Experience clear vision free from cataracts with one of the UK’s leading cataract surgeons, Mr. David Anderson. Book a consultation today.
Cataract is the medical term for a clouding, frosting or loss of clarity of the eye’s natural lens which can then have an impact on your ability to see clearly or experience unwanted visual symptoms such as glare. Cataracts progress slowly over time but can worsen quite quickly in some cases. Most commonly associated with age cataracts are a common problem and will affect most people sooner or later. Learn more about the cataract condition here.
Help is at hand. We are experts in helping the vision of those affected by cataract return to normal quickly and safely. Modern surgery, means that your cataracts can be operated on at all stages, not just when you struggle to see, so you can get back to enjoying life and normal activities before missing out or losing confidence. You’re in safe hands.
David Anderson is widely regarded as an expert cataract surgeon performing many thousands of procedures over thirty years and teaching, publishing and presenting on cataract surgery nationally and internationally. David will provide your personal care from first consultation, through your procedure to your final visit enabling you to achieve the best vision and outcome for you.
We are able to offer a wide selection of lens types to suit your needs and the type of eyes you have. All of our lenses are premium products, there are no lenses which are better or higher or lower quality, but different lenses have different functionality and will suit different eyes and different visual requirements.
Monofocal lenses will give the sharpest image quality but the shortest range of vision or depth of focus so that reading glasses are usually required for intermediate and close visual tasks e.g. reading a newspaper. The focus of each lens can be offset slightly so that a dominant eye is clearer for distance and non-dominant eye for near. This effect called monovision or micro-monovision and you may have tried this using contact lenses before.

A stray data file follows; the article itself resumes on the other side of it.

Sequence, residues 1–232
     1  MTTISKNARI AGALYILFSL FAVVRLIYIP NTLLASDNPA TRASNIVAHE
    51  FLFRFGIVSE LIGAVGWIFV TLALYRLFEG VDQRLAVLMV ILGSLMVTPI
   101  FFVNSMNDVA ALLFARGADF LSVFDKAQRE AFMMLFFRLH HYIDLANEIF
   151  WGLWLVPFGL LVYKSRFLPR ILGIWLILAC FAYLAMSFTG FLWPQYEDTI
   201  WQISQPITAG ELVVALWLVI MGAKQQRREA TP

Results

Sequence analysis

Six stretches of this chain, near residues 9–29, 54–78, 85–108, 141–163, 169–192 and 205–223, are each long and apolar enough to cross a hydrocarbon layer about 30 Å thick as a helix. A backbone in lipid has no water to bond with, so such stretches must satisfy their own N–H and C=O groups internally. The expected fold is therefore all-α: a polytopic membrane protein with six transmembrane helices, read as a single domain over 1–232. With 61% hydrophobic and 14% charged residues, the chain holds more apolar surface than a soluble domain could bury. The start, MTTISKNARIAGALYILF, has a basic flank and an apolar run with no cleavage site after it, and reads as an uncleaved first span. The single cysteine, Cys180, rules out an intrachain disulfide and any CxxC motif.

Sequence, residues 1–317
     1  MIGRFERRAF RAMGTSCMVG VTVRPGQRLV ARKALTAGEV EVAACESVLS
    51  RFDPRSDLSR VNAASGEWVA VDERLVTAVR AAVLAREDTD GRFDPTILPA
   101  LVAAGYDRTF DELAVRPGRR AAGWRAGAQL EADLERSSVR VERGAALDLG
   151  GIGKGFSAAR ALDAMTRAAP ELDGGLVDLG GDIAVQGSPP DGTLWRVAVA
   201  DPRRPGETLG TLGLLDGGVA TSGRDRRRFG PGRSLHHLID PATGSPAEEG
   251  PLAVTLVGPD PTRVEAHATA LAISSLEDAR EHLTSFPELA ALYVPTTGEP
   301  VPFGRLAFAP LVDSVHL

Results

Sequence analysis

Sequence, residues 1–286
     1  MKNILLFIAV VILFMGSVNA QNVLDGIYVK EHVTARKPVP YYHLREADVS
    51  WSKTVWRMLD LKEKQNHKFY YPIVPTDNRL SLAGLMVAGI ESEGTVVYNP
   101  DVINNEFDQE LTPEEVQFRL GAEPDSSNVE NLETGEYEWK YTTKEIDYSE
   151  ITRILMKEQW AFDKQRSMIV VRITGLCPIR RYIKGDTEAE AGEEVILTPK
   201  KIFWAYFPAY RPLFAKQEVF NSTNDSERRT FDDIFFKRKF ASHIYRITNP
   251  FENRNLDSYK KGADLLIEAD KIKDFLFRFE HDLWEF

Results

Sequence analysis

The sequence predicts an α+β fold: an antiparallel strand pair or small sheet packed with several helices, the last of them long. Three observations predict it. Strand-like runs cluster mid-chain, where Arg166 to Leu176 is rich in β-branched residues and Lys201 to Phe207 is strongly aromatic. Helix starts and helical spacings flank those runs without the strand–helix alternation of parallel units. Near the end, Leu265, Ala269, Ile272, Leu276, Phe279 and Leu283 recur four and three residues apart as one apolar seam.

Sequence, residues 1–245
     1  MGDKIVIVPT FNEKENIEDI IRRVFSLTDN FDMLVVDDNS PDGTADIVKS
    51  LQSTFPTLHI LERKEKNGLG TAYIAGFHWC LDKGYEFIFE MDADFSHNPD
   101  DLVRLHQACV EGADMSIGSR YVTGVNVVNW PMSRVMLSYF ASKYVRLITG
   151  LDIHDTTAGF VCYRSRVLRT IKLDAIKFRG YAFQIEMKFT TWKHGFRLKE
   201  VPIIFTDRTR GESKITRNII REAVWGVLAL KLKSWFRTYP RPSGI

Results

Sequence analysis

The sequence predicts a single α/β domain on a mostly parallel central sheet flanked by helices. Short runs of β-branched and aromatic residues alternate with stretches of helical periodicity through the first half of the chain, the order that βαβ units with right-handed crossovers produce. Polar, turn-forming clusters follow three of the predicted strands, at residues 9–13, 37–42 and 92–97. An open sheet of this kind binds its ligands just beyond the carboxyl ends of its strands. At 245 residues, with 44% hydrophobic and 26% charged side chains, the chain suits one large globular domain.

Extended depth of focus lenses (EDoF) increase the depth of focus by ‘stretching’ the intermediate zone of focus as well as distance vision correction, low strength readers may be required for close work but most of the time glasses are not required.
The first of its kind and arguably the leading extended depth focus lens, AcrySof® IQ Vivity® IOL utilises non-diffractive wavefront-shaping elements to extend the range of vision of a traditional monofocal lens whilst maximising visual quality. Wavefront-shaping elements stretch and shift the wavefront of light entering the eye, creating a continuous extended focal range rather than multiple focal points. This may provide a smoother range of intermediate vision than traditional diffractive EDoF lenses. In conditions where optic nerve or macular function may be compromised, or when the eye has complex optics, this technology utilises all available light energy to focus on the retina and so may maximise the potential vision.
Diffractive multifocal lenses will provide the greatest range of vision and therefore the greatest independence from spectacles but this will be balanced against optical quality so that you may experience some glare or halo around lights e.g. head or taillights when driving at night. You may already experience these symptoms because of refractive error or early cataract and most people will adapt to them but they are an important consideration when choosing this type of lens implant.
David Anderson has a wide experience using many different lens types over the last 25 years so depending on your clinical examination and optical preferences can help guide you to the best choice for your particular circumstances.
Whilst some people may be squeamish about the idea of surgery or find it scary there is no need to be nervous. We are experienced in helping you achieve your best vision quickly and effectively. Modern surgical techniques mean that your cataract procedure can take place at quite an early stage before they have a significant impact on your life and prevent you from doing something you need to e.g. driving or reading or simply enjoy doing e.g. going to the theatre or watching sports.